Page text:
jueves, 3 de febrero de 2011

Businesses Take Flight, With Help From NASA

BOULDER, Colo. — Sitting in a testing facility at the University of Colorado, the inner shell of the Dream Chaser space plane looks like the fuselage of an old DC-3.  The test structure has been pushed and pulled to see how it holds up to the stresses and strains of spaceflight. With an additional infusion of money from NASA, the company that makes the Dream Chaser, Sierra Nevada Space Systems, hopes to complete the rest of the structure and eventually take astronauts to orbit.

“Our view is if we could stop buying from the Russians, if we could make life cheaper for NASA, and if we could build a few vehicles that do other things in low-Earth orbit that are valuable, isn’t that, at the end of the day, a good thing?” said Mark N. Sirangelo, the company’s chairman.

The Dream Chaser is one of several new spacecraft that companies are hoping to launch into space with help from the government. Last year, the Obama administration pushed through an ambitious transformation for NASA: canceling the Ares I rocket, which was to be the successor to the current generation of space shuttles, and turning to the commercial sector for astronaut transportation.

So far, most of the attention in this new commercial space race has focused on Boeing, which has five decades of experience building spacecraft, and Space Exploration Technologies Corporation — SpaceX, for short — a brash upstart that gained credibility last year with two launchings of its Falcon 9 rocket.

SpaceX, led by Elon Musk, a founder of PayPal and chief executive of Tesla Motors, already has a NASA contract for delivering cargo to the space station, and says that it can easily add up to seven seats to its Dragon cargo capsule to make it suitable for passengers. Boeing is also designing a capsule, capable of carrying seven passengers, under the corporate-sounding designation of CST-100.

But Boeing and SpaceX are not the only competitors seeking to provide space taxi services, a program that NASA calls commercial crew. Last year, in the first-round financing provided for preliminary development, Sierra Nevada Space Systems won the largest award: $20 million out of a total of $50 million.

In December, another space company, Orbital Sciences Corporation, announced it had submitted a similar bid for a space plane it wants financed during the second round. NASA is to announce the winners by the end of March, and they will divide $200 million.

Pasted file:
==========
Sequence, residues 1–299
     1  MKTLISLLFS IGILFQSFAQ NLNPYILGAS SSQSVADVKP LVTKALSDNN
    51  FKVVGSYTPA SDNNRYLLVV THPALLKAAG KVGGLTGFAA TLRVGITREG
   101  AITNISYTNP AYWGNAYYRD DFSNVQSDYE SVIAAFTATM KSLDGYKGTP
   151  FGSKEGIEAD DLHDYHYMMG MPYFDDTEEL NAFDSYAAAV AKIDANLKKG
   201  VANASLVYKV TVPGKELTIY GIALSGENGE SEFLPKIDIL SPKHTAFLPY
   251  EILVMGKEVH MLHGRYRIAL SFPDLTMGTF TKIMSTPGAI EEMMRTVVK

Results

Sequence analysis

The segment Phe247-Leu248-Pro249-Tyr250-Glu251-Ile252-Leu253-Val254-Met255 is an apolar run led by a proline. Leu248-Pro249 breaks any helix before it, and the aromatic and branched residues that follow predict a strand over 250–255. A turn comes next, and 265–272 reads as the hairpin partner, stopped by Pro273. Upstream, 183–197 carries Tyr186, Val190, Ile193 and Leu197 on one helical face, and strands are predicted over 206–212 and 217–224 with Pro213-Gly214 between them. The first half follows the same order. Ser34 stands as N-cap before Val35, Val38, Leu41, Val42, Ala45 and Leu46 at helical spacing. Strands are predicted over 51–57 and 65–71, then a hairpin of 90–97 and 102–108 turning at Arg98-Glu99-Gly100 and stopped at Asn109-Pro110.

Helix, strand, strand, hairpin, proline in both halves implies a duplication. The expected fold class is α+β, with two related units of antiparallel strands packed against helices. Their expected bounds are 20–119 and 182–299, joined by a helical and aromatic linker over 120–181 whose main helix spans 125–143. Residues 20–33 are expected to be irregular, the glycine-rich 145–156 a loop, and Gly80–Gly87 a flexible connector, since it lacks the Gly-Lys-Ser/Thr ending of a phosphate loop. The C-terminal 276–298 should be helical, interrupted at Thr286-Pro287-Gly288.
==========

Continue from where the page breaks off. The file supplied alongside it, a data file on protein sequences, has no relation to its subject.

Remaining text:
About half of NASA’s $19 billion budget goes toward human spaceflight — the space shuttles, the International Space Station — and $200 million this year is just a small slice.

“If this is indeed the path to do this work, it’s probably not what they should be putting into it,” said Mr. Sirangelo, who is also chairman emeritus of the Commercial Spaceflight Federation, a trade group. “But on the other hand, it’s a lot more than we had before. And it’s an acknowledgment there’s momentum in the industry and what we’re trying to accomplish. So that’s good.”

After the second round, NASA would like narrow its choices down to two, maybe three, systems to finance.

“We think this is in effect a one-year race to see who gets the furthest,” Mr. Sirangelo said, “and at the end of that, presumably the next two years of the authorization bill gets funded, and then you compete for that pot of money.” The blueprint for NASA, passed by Congress last year and signed into law by President Obama, calls for spending on commercial crew to rise to $500 million each year in 2012 and 2013. Senator Bill Nelson, the Florida Democrat who was one of the primary architects of the blueprint, as the authorization act was called, has said the intent was to provide $6 billion over six years.

But what Congress puts into the budget could be far less.

“They’re not getting $6 billion over six years for commercial crew,” said a Senate aide who was not authorized to speak for attribution. “That’s never going to happen.”

The aide estimated commercial crew might receive half that much. In addition, Congress has not passed the final 2011 budget, and Mr. Obama wants to freeze spending at many federal agencies. Whether the freeze includes NASA will not be known until the president’s 2012 budget request is released in two weeks.

While Sierra Nevada has the lowest profile of the companies seeking commercial crew business, it is not new. The parent company, the Sierra Nevada Corporation, is a privately held defense electronics firm founded in 1963, and a few years ago, it bought several space companies and rolled them into the space systems subsidiary.

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